Conseco Inc.'s earnings more than doubled in the fourth quarter, boosted in part by increased volume in its lending division.
The Carmel, Ind., company earned $292.8 million, up 115% from the fourth quarter of 1997. Earnings per share rose 123%, to 89 cents.
The company's finance volume increased 37%, to $5.9 billion. Manufactured housing volume grew 12%, mortgage services 53%, consumer and credit card volume 96%, and commercial lending 35%, the company said.
The insurance giant is trying to become a full-fledged financial services company catering to less-affluent consumers. To that end last year it bought Green Tree Financial Corp., a leading manufactured housing lender.
"By adding a high-growth consumer lending arm ... we reinvented Conseco as a leading financial services company serving the needs of Middle America," said chief executive officer Stephen C. Hilbert in a statement.
But the road to diversification has been rocky for Conseco. When the Green Tree deal closed, the company announced a $498 million writedown, in part because of a reevaluation of Green Tree.
Faster-than-expected prepayments caused Green Tree-among other specialty lenders-to reevaluate the subordinated securities they retain from their securitizations. Green Tree and others used a controversial type of accounting, known as gain-on-sale, which lets companies book profits before they are received.
Conseco's stock price at the close of trading Tuesday was down about 40% since the deal's announcement last April. The stock rose 4%, to $31 a share, in midday trading Wednesday after the fourth-quarter results were announced.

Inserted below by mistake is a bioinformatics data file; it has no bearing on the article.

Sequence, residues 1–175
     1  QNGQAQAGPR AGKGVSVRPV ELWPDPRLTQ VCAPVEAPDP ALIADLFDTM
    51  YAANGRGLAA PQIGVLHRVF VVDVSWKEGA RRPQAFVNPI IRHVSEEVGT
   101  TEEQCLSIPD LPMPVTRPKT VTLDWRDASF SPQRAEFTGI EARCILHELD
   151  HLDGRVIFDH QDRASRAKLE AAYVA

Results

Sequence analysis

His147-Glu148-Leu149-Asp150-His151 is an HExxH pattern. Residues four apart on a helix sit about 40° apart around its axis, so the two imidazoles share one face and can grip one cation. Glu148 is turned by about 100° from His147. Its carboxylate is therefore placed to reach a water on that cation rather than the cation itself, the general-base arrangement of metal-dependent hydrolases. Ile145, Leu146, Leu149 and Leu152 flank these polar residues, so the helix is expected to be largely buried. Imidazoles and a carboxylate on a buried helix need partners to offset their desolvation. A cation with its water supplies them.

The financial market crisis of last summer and fall made it difficult for lenders like Green Tree to sell asset-backed securities. Nevertheless, Conseco's loan securitization volume rose 19% in the quarter, to $3.9 billion, and the company said it completed all the securitizations planned for the period.
Still, the company said, it elected to retain $364.6 million of securities "until market conditions improve."
It also shifted to the "cash-out" method of accounting, which prohibits it from forecasting profits. Acting on advice from the Financial Accounting Standards Board, Conseco restated past earnings as if the company had always used the new method.
The restatement required $134.7 million of charges for the first half of 1998, 1997, and prior years.